One-third of cancers could be prevented if people ate well and kept their weight in check, according to the American Institute for Cancer Research (AICR). But nutrition can also influence cancer treatment, says Colleen Gill, an oncology dietitian at the University of Colorado Cancer Center in Aurora, Colo.

“You cannot cure cancer with nutrition alone,” she says. “But you can create an environment that is inhospitable to it.” A diet rich in lean protein and healthy fats can help cancer patients avoid muscle wasting and weight loss that often forces interruptions in chemotherapy. Fiber−via fruits, vegetables, whole grains and legumes−can usher out toxins from medications, reducing side effects.

The AICR also recommends minimizing refined carbohydrates (e.g., white bread and white rice), which can boost insulin levels and fuel tumor growth, and charred meat, which contains carcinogenic compounds called heterocyclic amines, and keeping red meat—which has been linked to colorectal cancer—to fewer than 18 ounces per week. More specifically, these four foods have been shown to possess potent anti-cancer properties:

1. Cruciferous vegetables. Broccoli, cauliflower, Brussels sprouts and mustard greens contain compounds called isothiocyanates, which help the liver detoxify carcinogens and keep cancer cells from proliferating, research shows. They also contain indole-3-carbinol (I3C), which helps metabolize harmful hormones that can drive breast, uterine and cervical cancer. One 2012 study found that breast-cancer patients who ate the most cruciferous vegetables were 62 percent less likely to die and 35 percent less likely to see their cancer recur than those who ate the least.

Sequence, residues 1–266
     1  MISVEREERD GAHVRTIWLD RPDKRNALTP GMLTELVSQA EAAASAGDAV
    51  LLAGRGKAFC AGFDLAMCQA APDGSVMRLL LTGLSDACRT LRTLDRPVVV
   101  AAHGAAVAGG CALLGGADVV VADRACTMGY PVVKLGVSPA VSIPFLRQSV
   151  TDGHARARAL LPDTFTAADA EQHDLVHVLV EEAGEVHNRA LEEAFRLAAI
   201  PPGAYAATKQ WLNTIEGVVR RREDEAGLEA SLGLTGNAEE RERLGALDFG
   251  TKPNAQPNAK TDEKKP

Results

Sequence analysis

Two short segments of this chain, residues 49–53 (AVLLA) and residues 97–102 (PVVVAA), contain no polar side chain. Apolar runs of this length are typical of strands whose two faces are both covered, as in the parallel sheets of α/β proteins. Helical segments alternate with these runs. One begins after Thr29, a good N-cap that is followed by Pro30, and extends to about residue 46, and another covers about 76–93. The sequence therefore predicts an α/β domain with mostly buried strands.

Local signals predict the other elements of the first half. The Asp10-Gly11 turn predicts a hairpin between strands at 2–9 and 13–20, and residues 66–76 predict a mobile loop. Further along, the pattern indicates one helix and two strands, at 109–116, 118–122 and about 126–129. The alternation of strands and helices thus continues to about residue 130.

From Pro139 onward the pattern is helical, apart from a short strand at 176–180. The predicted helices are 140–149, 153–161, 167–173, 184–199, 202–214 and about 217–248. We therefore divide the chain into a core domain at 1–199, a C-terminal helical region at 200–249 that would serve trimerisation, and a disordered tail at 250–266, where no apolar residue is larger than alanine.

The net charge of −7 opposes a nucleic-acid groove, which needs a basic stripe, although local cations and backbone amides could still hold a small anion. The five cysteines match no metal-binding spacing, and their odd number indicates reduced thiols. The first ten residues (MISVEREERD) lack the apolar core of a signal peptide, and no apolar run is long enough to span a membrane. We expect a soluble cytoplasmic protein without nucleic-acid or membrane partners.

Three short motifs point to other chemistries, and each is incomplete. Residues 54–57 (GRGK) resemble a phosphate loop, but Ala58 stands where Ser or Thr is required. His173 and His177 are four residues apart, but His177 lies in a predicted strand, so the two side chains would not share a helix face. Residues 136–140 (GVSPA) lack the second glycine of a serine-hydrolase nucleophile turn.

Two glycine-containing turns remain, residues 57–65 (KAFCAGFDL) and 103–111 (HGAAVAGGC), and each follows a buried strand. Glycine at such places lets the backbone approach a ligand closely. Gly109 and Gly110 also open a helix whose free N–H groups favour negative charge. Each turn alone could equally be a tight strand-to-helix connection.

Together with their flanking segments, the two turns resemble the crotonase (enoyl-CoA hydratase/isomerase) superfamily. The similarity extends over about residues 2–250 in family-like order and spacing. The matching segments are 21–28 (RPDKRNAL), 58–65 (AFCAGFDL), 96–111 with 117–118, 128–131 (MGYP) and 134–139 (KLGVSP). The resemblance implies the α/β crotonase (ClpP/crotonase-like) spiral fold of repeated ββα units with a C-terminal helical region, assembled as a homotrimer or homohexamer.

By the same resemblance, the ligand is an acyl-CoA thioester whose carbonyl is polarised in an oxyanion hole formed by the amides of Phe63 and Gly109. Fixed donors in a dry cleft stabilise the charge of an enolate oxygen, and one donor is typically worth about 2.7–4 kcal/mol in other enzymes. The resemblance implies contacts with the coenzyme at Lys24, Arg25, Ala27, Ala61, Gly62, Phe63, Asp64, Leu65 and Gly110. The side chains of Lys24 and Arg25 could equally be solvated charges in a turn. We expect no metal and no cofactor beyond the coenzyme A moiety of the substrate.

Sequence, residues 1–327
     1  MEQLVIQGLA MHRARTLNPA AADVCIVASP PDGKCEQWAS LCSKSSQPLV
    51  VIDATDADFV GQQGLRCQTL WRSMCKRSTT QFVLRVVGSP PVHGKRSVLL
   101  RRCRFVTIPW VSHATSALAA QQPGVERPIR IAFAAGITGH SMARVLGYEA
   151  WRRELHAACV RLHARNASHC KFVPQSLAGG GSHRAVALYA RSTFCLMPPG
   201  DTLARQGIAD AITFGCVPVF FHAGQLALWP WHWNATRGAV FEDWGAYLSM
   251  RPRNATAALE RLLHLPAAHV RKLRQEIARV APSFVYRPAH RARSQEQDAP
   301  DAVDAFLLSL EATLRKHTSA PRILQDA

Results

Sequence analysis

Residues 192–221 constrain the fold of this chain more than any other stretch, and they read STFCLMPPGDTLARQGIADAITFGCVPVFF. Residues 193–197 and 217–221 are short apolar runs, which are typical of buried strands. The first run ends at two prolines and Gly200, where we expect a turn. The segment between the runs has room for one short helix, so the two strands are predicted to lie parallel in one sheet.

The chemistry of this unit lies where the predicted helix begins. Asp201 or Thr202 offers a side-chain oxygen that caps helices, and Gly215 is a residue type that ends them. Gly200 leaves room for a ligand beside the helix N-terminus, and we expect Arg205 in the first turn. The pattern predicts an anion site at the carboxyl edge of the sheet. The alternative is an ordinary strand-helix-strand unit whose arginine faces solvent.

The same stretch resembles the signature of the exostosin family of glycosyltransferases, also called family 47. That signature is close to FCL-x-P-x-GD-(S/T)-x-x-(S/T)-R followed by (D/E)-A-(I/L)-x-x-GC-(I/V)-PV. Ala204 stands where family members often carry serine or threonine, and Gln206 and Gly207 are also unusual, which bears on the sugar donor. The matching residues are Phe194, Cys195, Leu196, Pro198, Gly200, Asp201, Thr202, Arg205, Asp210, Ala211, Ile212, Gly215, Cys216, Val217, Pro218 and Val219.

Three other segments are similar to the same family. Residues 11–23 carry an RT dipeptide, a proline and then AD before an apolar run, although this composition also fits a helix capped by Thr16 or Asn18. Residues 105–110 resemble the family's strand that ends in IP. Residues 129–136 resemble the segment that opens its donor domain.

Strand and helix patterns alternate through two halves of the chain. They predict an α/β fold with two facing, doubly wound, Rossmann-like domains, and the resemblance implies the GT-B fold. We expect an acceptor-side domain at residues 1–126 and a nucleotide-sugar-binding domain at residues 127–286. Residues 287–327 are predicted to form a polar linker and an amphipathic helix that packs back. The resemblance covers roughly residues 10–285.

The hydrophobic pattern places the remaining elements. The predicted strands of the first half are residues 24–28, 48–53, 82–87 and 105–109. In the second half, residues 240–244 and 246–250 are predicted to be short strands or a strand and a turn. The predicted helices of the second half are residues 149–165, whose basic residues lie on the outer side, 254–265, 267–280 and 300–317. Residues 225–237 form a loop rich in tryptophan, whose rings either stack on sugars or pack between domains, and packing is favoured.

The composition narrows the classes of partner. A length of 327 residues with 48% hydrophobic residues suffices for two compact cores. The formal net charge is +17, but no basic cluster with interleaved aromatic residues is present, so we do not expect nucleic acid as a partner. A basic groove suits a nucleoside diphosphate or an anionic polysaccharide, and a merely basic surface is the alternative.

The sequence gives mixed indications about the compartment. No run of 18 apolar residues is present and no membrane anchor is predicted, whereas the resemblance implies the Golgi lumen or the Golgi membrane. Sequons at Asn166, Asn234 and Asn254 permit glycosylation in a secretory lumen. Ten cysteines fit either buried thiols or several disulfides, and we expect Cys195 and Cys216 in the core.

2. Turmeric (curcumin powder). This yellowish powdered spice from the shrub Curcuma longa is consumed in huge amounts in India, where cancer rates also happen to be a fraction of rates in the United States. Few human studies exist, but mice given curcumin are less likely to develop tumors when exposed to carcinogens. When combined with black pepper, curcumin is absorbed exponentially better. 

3. Flaxseed. Flaxseed is loaded with lignans, believed to blunt estrogen’s cancer-fueling effects on cells. One 2013 study followed 147 prostate cancer patients who added flaxseeds to their diets. Men with the highest levels of flaxseeds had the least tumor proliferation. Stick with freshly ground flaxseed versus flaxseed oil. Flaxseeds are a whole food and therefore contain a host of other nutrients that are not present in its extracted oil.

4. Cooked tomatoes. Tomatoes are rich in lycopene, a potent antioxidant. Cooking them in fat, such as olive oil, releases the lycopene and boosts absorption. Some studies show men who eat at least two tomato-sauce-based meals per week have a lower risk of prostate cancer.